Monthly Archives: September 2016

Frank Loesser and corruption in America

The movie musicals of Frank Loesser (How to Succeed in Business Without Really Trying, Guys and Dolls) are a straightforward celebration of a certain sort of peculiarly American form of corruption and adulteration. Both are about people dressing up formally and obeying elaborate forms of etiquette while optimizing for nothing but scamming one another. Highly recommended if you haven't already seen them - Frank Loesser is also a gifted lyricist and the choreography is great, so they're fun to watch.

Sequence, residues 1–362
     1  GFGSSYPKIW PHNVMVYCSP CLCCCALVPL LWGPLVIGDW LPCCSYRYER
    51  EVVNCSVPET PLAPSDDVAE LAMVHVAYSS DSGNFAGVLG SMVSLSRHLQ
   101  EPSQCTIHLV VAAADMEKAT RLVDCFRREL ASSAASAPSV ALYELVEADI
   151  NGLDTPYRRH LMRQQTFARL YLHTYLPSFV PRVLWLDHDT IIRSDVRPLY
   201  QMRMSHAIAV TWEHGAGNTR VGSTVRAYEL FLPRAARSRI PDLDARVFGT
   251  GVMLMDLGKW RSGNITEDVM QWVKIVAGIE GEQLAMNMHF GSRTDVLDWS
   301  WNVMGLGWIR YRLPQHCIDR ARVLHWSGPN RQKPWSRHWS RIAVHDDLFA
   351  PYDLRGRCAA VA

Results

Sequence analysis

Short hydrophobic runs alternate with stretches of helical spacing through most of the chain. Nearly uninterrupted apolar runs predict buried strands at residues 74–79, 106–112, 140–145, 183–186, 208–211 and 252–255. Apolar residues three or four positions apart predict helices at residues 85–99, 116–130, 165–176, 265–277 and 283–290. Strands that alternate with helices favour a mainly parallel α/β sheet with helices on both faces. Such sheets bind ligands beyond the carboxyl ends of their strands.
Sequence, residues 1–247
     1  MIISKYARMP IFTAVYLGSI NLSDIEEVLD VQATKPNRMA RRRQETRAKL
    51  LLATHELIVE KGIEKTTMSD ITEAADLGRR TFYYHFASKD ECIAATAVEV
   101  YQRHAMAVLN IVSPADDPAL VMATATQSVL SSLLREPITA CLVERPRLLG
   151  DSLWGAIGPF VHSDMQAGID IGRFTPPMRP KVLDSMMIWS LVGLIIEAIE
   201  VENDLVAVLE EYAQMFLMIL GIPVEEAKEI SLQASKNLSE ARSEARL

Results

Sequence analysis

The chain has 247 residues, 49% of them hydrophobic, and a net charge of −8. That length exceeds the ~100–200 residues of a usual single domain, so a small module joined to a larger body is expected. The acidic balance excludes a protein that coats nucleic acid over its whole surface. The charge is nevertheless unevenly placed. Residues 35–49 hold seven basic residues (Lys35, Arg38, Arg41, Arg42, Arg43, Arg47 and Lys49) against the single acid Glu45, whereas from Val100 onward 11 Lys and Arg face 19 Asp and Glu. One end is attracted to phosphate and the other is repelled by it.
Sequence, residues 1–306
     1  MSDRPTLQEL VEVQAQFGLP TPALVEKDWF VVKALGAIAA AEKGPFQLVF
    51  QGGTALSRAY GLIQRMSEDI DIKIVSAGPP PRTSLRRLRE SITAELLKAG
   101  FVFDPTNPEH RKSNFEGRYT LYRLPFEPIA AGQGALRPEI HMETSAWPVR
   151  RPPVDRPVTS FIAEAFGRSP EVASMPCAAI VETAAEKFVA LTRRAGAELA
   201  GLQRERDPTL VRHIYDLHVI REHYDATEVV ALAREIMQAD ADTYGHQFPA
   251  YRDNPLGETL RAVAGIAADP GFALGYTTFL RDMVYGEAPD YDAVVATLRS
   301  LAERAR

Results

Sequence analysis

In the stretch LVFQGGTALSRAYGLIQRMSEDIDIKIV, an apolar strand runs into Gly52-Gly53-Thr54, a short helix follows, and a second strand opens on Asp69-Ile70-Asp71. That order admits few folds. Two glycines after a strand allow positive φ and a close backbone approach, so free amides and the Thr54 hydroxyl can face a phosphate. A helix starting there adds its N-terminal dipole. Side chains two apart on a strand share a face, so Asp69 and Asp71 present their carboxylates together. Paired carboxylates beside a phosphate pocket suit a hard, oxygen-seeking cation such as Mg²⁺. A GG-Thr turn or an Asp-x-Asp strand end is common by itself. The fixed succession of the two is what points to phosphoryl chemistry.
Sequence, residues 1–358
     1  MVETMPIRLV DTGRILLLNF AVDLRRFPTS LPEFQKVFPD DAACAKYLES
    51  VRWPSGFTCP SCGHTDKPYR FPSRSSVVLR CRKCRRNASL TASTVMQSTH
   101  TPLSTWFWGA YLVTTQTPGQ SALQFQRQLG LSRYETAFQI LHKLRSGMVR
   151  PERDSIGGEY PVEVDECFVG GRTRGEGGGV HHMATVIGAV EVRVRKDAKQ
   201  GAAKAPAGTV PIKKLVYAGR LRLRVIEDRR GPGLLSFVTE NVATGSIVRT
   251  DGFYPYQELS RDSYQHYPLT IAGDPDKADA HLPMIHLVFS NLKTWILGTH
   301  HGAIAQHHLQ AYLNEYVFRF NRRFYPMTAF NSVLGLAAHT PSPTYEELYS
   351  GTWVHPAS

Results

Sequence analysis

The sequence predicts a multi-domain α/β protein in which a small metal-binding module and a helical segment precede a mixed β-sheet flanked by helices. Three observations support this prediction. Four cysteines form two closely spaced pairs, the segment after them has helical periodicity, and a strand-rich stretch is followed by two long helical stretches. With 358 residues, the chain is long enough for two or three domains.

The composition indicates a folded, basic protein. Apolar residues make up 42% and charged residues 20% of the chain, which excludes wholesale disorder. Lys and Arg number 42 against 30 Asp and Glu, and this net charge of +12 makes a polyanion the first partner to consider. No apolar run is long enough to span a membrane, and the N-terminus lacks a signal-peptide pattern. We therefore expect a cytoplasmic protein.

Guys and Dolls is about how the occasional infusion of a person of integrity leads to the corruption of other people of integrity. Almost all the characters are gamblers, except for people who literally work as Salvation Army missionaries or police officers, and one stage performer. The gambling is made to seem charming since it resembles a children's game (all these grown up children just want to play with cards and dice and watch horses run fast and argue over who’s going to win), but it's clearly compulsive and antisocial behavior. The gamblers all dress up smartly and speak with elaborately formal diction, and in general it's a lot like The Godfather as an extreme romanticization of gangster culture (h/t Cracked) which plays up the honor ethic and sense of style. However, at one point a big out-of-town gambler who's lost a lot of money at a crap game pulls out a gun and a set of blank dice, claiming he remembers which side is which, in order to "win" his money back from the game organizer at gunpoint. So the honor is clearly sort of fake, but there’s some pressure to preserve appearances.